New stores coming to Myrtle Beach and The Villages and more takeaways from the earnings call
ATLANTA — Havertys’ fourth-quarter sales soared to $241.3 million, up 12.9% from the same quarter a year ago, as record demand and the retailer’s strengths both online and in-store played to its advantage.
Same-store sales for the period ended Dec. 31 increased 13.7%, while net earnings more than quadrupled to $25.4 million, or $1.37 per share, from $6.1 million, or 31 cents per share, a year ago. Adjusted to exclude an impairment charge related to a store location, fourth-quarter 2019 earnings per share were 40 cents.
For the full year, net sales declined 6.7% to $748.3 million (stores were closed from mid-March to early May) while net income nearly tripled to $59.1 million, or $3.12 per share.
“Consumer ‘nesting’ continues to drive record demand for home furnishings,” Chairman, President and CEO Clarence Smith said in a statement. “Our store and internet traffic is rising as we leverage the combined potential of high touch service and online capabilities.
Havertys’ win (record fourth-quarter results and shares that closed up 4.7% to $34.78 on the news) came despite certain pandemic-induced challenges it conceded won’t be going away anytime soon. Sales were way up for the 120-store Atlanta-based retailer, but it reported a record backlog of undelivered sales, too, as its suppliers across the board experienced shortages of everything from materials to labor to import containers, Smith said.
Total written sales for the period (vs. delivered sales) were up 16.7% and written same-store sales rose 17.5% in the final quarter of the year vs. the same period a year ago.
And while Smith indicated Havertys was in decent shape inventory-wise, particularly on best-sellers, “merchandise availability remains a key issue as manufacturers are hampered by ongoing coronavirus concerns, raw material shortages, and shipping capacity.
“We’re paying a premium to get the product to make sure we can serve our customers,” he said on a call with the investment community Thursday.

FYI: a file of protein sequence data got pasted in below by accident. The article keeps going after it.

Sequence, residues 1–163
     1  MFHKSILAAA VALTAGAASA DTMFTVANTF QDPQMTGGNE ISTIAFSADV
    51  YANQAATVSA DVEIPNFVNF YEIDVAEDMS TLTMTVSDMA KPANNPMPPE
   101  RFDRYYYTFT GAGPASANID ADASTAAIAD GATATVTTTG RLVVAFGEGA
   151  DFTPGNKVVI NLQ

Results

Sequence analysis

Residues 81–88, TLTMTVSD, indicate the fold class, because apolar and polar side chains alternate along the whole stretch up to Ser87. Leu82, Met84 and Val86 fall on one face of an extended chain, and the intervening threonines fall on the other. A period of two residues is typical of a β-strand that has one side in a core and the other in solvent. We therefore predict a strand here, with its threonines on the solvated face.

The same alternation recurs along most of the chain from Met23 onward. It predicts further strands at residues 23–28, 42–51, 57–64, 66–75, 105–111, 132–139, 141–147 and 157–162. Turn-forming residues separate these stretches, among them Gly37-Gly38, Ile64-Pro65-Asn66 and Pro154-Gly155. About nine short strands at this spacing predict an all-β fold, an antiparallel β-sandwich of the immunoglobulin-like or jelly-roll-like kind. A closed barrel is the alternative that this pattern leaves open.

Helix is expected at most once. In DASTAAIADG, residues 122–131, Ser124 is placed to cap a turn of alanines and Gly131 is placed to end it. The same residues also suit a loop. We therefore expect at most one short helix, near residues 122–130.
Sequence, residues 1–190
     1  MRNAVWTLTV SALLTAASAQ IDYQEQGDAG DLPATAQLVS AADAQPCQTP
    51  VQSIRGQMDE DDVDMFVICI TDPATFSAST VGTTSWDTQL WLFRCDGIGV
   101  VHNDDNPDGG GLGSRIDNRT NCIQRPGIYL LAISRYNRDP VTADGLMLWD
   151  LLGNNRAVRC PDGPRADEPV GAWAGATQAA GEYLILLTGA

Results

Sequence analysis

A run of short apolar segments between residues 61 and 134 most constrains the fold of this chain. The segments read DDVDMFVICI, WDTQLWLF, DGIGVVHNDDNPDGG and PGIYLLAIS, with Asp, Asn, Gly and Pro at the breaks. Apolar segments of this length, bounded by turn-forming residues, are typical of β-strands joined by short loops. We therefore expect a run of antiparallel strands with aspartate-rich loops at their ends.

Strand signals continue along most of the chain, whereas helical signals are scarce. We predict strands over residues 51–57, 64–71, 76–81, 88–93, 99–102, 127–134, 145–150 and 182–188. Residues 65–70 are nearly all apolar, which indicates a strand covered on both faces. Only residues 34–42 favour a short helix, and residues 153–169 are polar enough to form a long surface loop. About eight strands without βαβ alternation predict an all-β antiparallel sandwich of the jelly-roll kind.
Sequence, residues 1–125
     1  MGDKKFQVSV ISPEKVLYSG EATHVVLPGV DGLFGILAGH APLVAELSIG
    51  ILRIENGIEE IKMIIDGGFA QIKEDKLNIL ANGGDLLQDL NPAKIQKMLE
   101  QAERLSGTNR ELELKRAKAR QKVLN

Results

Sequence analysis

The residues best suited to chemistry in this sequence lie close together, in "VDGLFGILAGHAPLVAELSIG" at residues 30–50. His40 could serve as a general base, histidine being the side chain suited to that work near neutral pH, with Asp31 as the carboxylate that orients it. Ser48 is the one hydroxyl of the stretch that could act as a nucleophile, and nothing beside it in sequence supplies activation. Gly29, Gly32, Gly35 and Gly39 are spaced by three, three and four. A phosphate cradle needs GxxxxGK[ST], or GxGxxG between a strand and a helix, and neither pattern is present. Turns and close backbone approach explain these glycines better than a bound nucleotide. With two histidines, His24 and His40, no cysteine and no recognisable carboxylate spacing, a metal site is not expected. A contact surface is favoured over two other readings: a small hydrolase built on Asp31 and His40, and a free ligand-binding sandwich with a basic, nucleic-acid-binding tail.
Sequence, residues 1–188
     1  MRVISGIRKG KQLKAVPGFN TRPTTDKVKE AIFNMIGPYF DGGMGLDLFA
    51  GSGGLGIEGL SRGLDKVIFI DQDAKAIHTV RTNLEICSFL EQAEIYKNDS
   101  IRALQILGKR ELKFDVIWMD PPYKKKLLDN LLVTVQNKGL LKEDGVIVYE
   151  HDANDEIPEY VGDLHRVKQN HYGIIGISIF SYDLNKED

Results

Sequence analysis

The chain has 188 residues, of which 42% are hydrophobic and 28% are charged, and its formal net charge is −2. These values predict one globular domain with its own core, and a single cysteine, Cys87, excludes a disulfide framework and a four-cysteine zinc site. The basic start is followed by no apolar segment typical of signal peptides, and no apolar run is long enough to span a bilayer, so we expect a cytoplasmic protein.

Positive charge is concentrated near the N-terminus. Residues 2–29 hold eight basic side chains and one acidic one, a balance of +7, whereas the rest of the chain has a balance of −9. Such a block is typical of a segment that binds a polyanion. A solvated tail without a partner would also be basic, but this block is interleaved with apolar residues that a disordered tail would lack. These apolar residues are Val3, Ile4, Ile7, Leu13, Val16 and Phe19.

“I think we’re in the best inventory position since last summer, and I hope that will improve in the coming months.”
Also on the call, Smith mentioned rising freight rates and product prices and how it’s passing the increases on at retail where it can. When asked how long before the supply chain catches up, he said the company has placed orders it knows it won’t receive until the summer, and that Chinese New Year is here, and Havertys has product overseas it wasn’t able to get out before the holiday. That’s a challenge not only for Havertys but the entire industry, he said, adding, “I think by the fall, this should be settling down.”
Despite this disruption Havertys, he said, is blessed to be part of the “homebody economy” and the consumer’s greater focus on safety and making their homes more comfortable to ride out the pandemic. Gross profit margins for the quarter increased to 57% from 54.2% due to better pricing discipline, fewer promotions and markdowns and more special-order business. It’s a trend Smith said he sees continuing.
But at the same time, partly because of rising freight and product costs, Havertys estimates 2021 margins will be more in the 55.3% to 55.8% range.
Next week, the retailer will open its first 31,000-square-foot store in Myrtle Beach, S.C., then follow mid-year with its first store in The Villages in Central Florida and another in an existing market in the fourth quarter. With one store closing next year, it expects to end the year with 122 stores in 16 Southern and Midwestern states.
Here a few more takeaways from the call:
Three key metrics are all heading in the right direction. For the first time since Havertys began tracking, it has seen consistent increases in average ticket, closing rate and traffic count all at the same time. That last one is an especially nice turnaround, as many in the industry, including Havertys, faced years of traffic declines in part because of the rise in e-commerce.
And yet Havertys.com is the company’s largest store. E-commerce has accounted for 4.3% of total sales since reopening after the lockdown, Smith said. And its buy-online-pick-up-in-store (BOPIS) is running at 16% of total internet sales, triple where it has been in past years.
The company is on the cusp of reaching a long-term productivity goal. Smith said this should be the year it finally reaches and exceeds sales per square foot of more than $200.
Business has remained strong this year, but the winter storms are a gut punch. About 30% of Havertys’ stores were down for at least four days, including in hard-hit Texas, where many probably won’t reopen in time for this weekend, Smith said.
“And it did hit over the most important event of the quarter, which is Presidents’ (Day) weekend.” He added that the company also is concerned for both employees and customers in the market who remain without power, heat and water.
Now the storms are moving north and Havertys is bracing for impact in Virginia and greater Washington, D.C.
“So there’s a drag. There’s an impact. We’re concerned,” he said. But he added the company feels “pretty good about where our business is,” noting the double-digit written business on the books, which “includes where we are today.”